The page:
On the eve of the court deadline for the Legislature to present their progress on state legislative redistricting, lawmakers in Albany are set to announce deals on the new boundaries and nearly every other major issue on the table tonight. A member of the Assembly told The Politicker lawmakers are in conference and the precise details of the various deals are still being worked out, but somethnoing will definitely emerge this evening.
“We’re going to be doing something tonight,” said the lawmaker, who didn’t want to have his name published, adding it is expected to be a late night.
A staffer in the Legislature familiar with the machinations behind the dealmaking told The Politicker Governor Andrew Cuomo is expected to get a slew of his pet projects passed; a DNA databank, pension reform and a constitutional amendment legalizing casino gambling, in exchange for allowing the Legislature to draw their own redistricting lines.
“The Governor’s holding redistricting over their heads,” the staffer said. “It probably had to do with a few things like DNA or pension reform in exchange for getting redistricting.”
Democratic Senator Mike Gianaris, reached moments before he headed to the floor, had the harshest words for the reportedly lackluster redistricting deal.
“The bad guys won. It happens,” Mr. Gianaris, who heads the Senate Democrats’ campaign efforts, said. “Unfortunately for those of us who were hoping for a new era in Albany, this is about as rotten of a deal as I’ve seen.”
Asked if the Governor’s touted “reform” package was better than the status quo system of partisan gerrymandering, Mr. Gianaris had no doubt the answer was no.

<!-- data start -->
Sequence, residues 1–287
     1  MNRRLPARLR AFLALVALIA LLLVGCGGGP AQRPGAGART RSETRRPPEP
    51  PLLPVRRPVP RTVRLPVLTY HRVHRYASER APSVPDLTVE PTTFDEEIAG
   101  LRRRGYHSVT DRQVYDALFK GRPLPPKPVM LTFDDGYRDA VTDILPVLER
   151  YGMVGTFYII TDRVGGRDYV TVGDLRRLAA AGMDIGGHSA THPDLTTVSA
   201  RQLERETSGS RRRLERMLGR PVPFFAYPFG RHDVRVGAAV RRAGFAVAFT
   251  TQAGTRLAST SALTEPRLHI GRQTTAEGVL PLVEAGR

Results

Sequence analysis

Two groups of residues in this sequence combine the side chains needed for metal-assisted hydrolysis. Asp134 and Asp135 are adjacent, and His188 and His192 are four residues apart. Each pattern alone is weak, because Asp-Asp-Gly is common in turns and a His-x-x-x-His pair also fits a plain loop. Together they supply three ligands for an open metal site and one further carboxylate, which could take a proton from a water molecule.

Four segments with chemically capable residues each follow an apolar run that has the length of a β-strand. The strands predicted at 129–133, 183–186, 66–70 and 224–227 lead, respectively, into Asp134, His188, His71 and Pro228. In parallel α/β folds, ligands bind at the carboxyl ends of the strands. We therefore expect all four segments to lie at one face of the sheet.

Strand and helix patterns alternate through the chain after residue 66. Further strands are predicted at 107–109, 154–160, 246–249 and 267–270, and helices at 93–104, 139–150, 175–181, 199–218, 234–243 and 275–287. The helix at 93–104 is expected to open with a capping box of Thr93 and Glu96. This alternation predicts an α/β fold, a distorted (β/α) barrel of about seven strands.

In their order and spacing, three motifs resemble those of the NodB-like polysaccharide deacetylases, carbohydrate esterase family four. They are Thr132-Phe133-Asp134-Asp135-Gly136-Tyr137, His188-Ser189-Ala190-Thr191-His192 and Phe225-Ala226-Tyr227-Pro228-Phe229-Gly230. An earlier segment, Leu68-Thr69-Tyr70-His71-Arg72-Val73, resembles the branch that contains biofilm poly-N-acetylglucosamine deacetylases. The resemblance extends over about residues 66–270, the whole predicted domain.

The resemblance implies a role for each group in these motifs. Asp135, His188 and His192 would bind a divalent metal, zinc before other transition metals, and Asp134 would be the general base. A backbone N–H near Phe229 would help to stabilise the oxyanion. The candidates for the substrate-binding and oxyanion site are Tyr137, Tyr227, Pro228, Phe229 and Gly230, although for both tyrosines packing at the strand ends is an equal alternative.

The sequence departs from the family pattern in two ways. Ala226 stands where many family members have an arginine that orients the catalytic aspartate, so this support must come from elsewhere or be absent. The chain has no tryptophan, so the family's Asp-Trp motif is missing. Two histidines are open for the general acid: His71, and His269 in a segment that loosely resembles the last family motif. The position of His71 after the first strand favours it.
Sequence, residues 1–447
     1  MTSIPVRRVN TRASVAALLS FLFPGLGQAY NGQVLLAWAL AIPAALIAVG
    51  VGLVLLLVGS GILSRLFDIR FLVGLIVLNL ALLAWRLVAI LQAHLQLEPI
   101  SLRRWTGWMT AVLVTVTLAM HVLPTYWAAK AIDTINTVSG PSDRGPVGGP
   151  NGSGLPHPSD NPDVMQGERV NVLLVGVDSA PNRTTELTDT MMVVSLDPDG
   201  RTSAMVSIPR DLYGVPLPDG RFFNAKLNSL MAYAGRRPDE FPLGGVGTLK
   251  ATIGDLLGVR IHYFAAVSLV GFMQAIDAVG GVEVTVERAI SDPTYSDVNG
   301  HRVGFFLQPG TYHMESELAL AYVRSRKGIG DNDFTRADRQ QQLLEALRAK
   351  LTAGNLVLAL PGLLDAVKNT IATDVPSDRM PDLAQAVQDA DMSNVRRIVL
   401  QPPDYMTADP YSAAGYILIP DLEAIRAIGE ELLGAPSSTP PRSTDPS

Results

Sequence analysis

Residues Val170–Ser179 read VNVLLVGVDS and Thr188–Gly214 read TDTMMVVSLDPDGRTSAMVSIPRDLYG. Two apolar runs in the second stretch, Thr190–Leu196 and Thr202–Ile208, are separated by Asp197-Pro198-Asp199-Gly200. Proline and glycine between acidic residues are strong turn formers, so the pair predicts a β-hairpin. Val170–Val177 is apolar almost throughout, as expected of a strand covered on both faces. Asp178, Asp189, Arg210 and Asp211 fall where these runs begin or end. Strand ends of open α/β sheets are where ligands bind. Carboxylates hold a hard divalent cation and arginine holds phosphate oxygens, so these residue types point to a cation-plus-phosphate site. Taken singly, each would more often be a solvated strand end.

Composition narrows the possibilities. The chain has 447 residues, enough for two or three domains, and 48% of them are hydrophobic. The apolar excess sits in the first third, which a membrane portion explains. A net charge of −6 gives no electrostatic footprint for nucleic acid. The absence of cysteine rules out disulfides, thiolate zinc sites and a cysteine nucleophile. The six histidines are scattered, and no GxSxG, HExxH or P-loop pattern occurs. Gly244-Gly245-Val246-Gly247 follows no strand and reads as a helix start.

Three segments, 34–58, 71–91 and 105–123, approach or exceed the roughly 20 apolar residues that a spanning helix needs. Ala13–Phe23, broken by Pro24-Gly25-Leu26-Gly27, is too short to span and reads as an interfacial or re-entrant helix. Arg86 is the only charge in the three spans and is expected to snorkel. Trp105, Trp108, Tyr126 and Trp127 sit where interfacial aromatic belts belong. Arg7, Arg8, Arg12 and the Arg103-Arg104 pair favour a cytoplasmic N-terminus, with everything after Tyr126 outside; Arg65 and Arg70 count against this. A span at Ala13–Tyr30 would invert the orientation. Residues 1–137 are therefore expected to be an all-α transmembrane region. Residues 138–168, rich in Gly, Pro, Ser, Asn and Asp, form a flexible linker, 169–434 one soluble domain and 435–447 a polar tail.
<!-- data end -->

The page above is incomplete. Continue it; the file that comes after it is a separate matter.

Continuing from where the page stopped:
“There’s no question that it’s worse, it’s regressive,” he stated.
Governor Cuomo had previously been critical of the redistricting proposals submitted by the Legislature and adamant lines be drawn through an independent process. The majority in each House, Democrats in the Assembly and Republicans in the Senate, controlled the way lines were drawn and minority members are apparently not pleased the final redistricting maps will come from the Legislature.
“There’s not going to be 100 percent consensus,” the staffer we spoke to further said. “Lots of ‘no’ votes from minority legislators.”
He also said the slew of deals showed Governor Cuomo is backtracking on his repeated promises to reform the culture in Albany by cutting down on backroom deals and vetoing Legislative lines not drawn through an independent process. He described it as “the second thing he’s flip flopped on” following his institution of the millionaire’s tax after vowing not to raise taxes.
“If anything, this proves the governor is one of us. The governor is as much Albany as anybody,” the staffer said. “This is going to be the second thing he’s flip flopped on and he’s doing it in the classic Albany backroom style. We’re going to have something as big as pension reform for millions of New Yorkers with no public hearing, were going to have all these things linked together, which he said he wouldn’t do.”